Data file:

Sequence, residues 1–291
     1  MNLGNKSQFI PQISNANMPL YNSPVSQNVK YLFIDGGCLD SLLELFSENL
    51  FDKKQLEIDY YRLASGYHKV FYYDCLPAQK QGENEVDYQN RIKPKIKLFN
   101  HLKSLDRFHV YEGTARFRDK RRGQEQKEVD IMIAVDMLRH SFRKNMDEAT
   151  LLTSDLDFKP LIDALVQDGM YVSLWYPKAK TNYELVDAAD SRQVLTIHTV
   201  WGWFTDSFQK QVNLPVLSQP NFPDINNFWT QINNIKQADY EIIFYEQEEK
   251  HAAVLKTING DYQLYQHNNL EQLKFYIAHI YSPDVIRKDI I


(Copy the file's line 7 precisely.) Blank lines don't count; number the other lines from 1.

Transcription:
   251  HAAVLKTING DYQLYQHNNL EQLKFYIAHI YSPDVIRKDI I